Very few actresses have ever been given a role that redefines the public's vision of women on television. That in itself would be a significant achievement; but as Cathy Gale in The Avengers, Honor Blackman not only altered that public perception and re-characterized the role, she also single-handedly kick-started the whole 1960s 'second wave' feminist movement.
In the mid eighties at high school in Guyana a friend of mine was reading a Liz Taylor biography. I remember leafing through the glossy black and white photos in the centre and seeing a photograph of Liz looking dishevelled and deranged. I thought she was playing a character called Virginia Woolf because the title attached to the picture was Who’s Afraid of Virginia Woolf?
For over a decade Thin Lizzy was one of the most successful rock bands in the world. The trio of Phil Lynott (bass player), drummer Brian Downey and a string of flamboyant lead guitarists including Scott Gorham, Gary Moore and Snowy White, gave the world a taste of Celtic Rock, long before U2 were to braze a similar trail. Their mystique was fashioned upon a combination of romantic Celtic imagery and tough macho cool, both superbly crafted by the front man, Phil Lynott. Labeled progressive rockers, they broke with tradition and released an updated arrangement of a traditional Irish folk song "Whiskey in the jar" (1973).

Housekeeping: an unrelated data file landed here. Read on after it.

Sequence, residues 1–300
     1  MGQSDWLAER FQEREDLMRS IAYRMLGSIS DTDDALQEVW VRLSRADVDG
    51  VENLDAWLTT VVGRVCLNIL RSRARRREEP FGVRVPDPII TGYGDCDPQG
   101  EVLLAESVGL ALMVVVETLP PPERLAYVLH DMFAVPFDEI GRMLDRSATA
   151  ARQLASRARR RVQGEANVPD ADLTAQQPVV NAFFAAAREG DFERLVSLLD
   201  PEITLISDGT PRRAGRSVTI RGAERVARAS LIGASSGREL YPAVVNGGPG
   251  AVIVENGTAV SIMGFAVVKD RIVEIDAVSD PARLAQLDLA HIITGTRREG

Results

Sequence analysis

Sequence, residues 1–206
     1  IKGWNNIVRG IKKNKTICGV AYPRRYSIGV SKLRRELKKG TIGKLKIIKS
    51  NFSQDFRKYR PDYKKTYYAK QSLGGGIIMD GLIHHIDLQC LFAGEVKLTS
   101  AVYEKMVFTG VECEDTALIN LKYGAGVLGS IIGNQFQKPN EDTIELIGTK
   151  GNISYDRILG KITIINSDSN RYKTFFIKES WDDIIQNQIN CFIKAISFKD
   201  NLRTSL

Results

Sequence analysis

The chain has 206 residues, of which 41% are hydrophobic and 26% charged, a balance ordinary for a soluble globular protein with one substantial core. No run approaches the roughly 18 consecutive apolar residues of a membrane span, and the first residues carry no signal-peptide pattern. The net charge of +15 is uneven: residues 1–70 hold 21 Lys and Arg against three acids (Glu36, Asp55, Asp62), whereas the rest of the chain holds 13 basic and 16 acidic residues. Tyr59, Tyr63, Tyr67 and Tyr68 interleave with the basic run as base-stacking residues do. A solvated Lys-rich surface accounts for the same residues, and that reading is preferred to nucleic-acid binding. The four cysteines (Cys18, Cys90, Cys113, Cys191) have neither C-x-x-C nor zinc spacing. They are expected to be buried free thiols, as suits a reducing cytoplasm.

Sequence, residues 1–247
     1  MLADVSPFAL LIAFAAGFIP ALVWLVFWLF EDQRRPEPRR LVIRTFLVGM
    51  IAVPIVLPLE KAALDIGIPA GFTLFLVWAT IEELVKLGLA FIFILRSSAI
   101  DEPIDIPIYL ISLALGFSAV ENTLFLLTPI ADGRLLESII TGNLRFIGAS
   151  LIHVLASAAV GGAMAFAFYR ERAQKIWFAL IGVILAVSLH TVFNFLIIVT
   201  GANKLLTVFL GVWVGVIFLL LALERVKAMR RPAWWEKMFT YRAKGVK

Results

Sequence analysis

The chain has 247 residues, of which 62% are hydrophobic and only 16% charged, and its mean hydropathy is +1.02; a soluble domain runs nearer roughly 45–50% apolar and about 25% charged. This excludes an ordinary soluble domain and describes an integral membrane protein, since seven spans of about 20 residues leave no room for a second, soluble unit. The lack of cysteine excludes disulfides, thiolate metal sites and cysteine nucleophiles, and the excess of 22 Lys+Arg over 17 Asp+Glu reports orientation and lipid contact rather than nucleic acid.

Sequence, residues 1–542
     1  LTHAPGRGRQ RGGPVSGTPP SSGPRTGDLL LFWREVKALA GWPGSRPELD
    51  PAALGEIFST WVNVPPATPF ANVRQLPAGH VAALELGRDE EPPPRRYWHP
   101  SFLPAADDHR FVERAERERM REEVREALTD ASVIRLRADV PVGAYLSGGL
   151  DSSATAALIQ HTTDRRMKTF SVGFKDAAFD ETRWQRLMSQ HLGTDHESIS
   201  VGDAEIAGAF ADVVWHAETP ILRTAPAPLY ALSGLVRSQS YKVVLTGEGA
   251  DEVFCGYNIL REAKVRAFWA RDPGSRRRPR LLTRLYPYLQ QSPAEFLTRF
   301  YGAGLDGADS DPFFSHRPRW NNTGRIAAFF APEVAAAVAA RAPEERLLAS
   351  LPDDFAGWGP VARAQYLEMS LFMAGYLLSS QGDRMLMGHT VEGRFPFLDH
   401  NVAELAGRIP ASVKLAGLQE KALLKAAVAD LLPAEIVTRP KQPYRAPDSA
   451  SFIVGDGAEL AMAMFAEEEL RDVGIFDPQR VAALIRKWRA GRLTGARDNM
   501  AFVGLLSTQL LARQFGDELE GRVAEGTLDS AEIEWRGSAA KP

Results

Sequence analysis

During the swinging sixties, Sinatra’s Mafia connections returned to haunt him, with regard to his friendship with Salvatore ‘Mooney Sam’ Giancana, head of the Chicago Mafia syndicate. During the 1960 presidential election, John F. Kennedy was running against the sitting Republican vice president, Richard Nixon.
Otis Redding Jr was born in 1941 in Dawson, Georgia. When he was three the family moved to Macon where his father was a minister. He grew up in the Tyndall Heights Housing Project young and learned to sing in the church choir. Otis became a member of a gospel group at school and learned to play the drums. His hero was Little Richard (Richard Penniman) and he soon learned to play piano doing impromtu impressions of Little Richard.
When the forties ended, Sinatra’s career went into free fall and his popularity waned. As he moved into his thirties, his appeal to the teen audiences declined. He appeared on the Lucky Strike’s radio show ‘Hit Parade’, where he had to sing the top ten records of the day. During the late sixties, I picked up a couple of bootlegs of these shows, and one of the tunes he sang was ‘The Woody Woodpecker Song’, which was a big hit in 1948.